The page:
Humanity’s 4 Foundations in the Era of Technology

Humanity’s 4 Foundations in the Era of Technology

John Nosta 07/06/2021
Humanity’s 4 Foundations in the Era of Technology

The wisdom of Aristotle may be our best path forward.

How Do We Make Sense of it All?

How do we begin to understand the complexities of, well ... complexity itself? Technology offers humanity a path forward, but the bumps, curves, and detours make the journey one of both wonder and fear. It seems that the guideposts of today’s technology and innovations are more a function of this contemporary reality than one anchored in the fundamental human truths and transcend the electron to offer a perspective of flesh, blood, and dare I say, soul.

Sometimes, the best way to look forward is to look back. Our history of thinkers, rebels, and philosophers can offer the “first principles” of humanity and provide a template for reflection and analysis. In his book If Aristotle Ran General Motors, Tom Morris takes a fascinating and critical look at modern business and how fundamental insights from varied philosophical traditions can provide the guideposts for business and humanity. Published over 20 years ago, Morris’ wisdom can be applied to how technology impacts all our lives and provides a strategic framework that can ground our contemporary reality in a timeless perspective.

Let’s take a step back—a philosophical step back to Aristotle’s world. Grounding his (and our) reality are four foundational concepts that frame our experience: truth, beauty, goodness, and unity. From ancient Greek times to the modern world, these pillars have been the foundations of human experience. These four dimensions—a philosophical hypercube—create our human reality and establish a moral compass, that today more than ever, is an essential tool for interpreting our reality and navigating our path forward. Perhaps, it’s this ancient wisdom that can provide a modern-day rubric or even an operating system that helps us establish the “right and wrong” to technology’s advancement, intrusion into, and transformation of our lives.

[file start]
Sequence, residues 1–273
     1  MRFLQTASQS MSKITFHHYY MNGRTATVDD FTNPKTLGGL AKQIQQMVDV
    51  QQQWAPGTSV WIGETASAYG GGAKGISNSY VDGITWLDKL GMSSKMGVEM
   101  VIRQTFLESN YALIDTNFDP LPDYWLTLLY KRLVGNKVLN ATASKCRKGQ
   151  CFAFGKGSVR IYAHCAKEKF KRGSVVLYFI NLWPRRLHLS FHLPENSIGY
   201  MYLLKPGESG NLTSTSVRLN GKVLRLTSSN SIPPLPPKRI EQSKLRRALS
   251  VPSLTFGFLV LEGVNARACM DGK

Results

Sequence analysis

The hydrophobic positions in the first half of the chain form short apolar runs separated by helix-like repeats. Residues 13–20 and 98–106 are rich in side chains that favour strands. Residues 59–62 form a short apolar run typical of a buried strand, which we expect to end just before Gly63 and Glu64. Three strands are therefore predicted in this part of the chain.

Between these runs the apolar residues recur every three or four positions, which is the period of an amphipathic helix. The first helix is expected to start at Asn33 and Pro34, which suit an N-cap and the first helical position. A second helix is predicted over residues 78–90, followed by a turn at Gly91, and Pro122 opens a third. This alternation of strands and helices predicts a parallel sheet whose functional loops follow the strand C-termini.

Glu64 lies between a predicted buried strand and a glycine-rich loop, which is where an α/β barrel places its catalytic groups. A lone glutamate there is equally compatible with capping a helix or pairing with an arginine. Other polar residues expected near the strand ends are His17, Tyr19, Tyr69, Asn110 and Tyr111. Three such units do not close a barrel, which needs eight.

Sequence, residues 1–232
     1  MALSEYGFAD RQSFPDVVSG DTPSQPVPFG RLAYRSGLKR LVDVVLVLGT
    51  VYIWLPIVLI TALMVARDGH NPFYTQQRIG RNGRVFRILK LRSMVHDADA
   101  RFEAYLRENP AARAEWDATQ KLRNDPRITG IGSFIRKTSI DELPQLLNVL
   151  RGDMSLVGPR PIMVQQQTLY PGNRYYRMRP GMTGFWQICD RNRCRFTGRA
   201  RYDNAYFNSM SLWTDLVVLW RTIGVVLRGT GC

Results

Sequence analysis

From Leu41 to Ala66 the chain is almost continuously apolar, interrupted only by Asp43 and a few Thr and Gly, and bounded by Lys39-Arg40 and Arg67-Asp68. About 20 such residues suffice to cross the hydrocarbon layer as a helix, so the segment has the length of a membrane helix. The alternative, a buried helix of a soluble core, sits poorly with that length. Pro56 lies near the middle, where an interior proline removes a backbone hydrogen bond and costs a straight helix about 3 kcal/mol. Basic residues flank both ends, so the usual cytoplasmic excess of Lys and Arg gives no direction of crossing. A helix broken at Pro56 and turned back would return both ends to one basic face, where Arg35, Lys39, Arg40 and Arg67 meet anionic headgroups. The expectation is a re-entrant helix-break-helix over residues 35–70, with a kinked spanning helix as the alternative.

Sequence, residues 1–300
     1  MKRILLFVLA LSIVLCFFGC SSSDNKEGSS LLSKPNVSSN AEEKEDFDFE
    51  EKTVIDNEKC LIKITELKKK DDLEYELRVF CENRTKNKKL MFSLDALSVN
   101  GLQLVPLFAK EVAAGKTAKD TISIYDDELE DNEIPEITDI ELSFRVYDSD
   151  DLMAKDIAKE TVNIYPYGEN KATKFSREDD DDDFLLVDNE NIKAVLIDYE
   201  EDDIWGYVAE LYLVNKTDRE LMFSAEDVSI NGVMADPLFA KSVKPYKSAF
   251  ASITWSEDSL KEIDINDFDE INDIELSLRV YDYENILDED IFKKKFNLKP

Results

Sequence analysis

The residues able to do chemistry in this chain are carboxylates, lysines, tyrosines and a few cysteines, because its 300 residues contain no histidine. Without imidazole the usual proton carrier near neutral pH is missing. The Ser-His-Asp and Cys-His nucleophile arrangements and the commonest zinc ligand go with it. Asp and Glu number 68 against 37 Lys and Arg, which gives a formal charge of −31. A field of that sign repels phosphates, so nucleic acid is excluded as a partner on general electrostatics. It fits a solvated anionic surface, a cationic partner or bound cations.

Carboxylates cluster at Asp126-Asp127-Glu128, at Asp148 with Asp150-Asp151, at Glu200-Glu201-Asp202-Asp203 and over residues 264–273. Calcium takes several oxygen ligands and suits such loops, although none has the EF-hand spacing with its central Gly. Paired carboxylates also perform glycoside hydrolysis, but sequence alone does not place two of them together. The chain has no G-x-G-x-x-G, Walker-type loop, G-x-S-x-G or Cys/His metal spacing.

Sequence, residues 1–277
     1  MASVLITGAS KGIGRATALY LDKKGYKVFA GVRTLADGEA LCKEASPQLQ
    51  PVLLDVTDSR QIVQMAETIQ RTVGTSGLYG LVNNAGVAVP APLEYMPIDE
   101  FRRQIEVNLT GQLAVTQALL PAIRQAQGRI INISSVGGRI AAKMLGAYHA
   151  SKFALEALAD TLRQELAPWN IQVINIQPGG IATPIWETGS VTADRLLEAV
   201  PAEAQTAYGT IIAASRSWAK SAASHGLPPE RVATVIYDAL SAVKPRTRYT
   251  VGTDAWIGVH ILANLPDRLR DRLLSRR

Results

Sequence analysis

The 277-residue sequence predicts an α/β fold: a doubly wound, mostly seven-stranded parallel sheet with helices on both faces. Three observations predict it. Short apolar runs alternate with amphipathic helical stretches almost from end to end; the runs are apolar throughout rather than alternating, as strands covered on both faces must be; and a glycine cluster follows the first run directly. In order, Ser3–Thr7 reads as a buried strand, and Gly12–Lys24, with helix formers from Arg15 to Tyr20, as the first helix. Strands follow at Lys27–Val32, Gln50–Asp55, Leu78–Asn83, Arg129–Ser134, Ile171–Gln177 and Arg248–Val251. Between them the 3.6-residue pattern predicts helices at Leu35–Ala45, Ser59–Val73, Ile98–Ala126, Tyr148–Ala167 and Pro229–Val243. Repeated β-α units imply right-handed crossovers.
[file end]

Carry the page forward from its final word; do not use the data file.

Truth: The First of First Principles

In today’s world, truth is often a perceptual reality driven by influence, groupthink, and search engine algorithms. It sometimes feels as truth has emerged as more a point of view than a basic and fundamental reality. While truth represents the cornerstone of various aspects of society—from relationships to governments—this very foundation is under stress from technology’s ability to reproduce or even “fake” a reality that cannot be discerned from the original. Our senses no longer provide a safe haven for reality but are subject to technological victimization. Yet, truth is the clarion call that can stand counterpoint to the contrivances of technology.